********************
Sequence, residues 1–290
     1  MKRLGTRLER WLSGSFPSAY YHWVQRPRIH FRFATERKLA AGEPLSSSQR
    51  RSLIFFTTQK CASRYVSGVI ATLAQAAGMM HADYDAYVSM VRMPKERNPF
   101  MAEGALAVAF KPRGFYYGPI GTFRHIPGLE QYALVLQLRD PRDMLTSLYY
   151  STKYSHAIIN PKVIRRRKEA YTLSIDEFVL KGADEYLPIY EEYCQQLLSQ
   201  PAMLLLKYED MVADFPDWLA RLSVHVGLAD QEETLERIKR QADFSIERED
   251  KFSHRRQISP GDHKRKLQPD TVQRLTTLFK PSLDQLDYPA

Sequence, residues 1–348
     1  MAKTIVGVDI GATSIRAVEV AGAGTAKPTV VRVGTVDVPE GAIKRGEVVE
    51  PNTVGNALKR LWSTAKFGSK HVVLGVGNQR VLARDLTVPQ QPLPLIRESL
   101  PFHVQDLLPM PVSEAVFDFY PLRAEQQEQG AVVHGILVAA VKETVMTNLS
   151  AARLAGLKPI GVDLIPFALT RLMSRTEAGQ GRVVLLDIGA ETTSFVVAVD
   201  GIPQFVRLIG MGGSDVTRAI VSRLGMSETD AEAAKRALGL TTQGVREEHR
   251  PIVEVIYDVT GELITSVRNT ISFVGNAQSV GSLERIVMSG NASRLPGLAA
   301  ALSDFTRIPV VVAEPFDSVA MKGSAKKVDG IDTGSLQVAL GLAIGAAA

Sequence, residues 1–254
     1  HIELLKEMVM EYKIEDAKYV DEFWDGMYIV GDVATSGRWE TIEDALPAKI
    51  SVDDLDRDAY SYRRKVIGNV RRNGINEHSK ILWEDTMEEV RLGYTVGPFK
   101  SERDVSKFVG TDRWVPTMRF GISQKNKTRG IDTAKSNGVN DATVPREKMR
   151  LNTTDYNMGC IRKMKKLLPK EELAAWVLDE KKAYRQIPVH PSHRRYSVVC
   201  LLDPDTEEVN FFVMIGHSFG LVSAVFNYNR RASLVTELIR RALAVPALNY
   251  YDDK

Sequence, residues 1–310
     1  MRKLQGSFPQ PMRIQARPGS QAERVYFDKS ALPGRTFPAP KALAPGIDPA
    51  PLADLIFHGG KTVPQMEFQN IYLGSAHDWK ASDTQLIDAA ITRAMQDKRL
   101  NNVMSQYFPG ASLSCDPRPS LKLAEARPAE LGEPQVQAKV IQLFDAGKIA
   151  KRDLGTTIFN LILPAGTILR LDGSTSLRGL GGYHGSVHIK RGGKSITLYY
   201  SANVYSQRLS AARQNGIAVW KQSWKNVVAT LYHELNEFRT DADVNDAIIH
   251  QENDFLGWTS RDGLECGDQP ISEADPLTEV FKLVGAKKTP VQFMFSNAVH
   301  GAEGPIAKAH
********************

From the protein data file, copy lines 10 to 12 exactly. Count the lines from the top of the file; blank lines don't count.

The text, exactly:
    51  PNTVGNALKR LWSTAKFGSK HVVLGVGNQR VLARDLTVPQ QPLPLIRESL
   101  PFHVQDLLPM PVSEAVFDFY PLRAEQQEQG AVVHGILVAA VKETVMTNLS
   151  AARLAGLKPI GVDLIPFALT RLMSRTEAGQ GRVVLLDIGA ETTSFVVAVD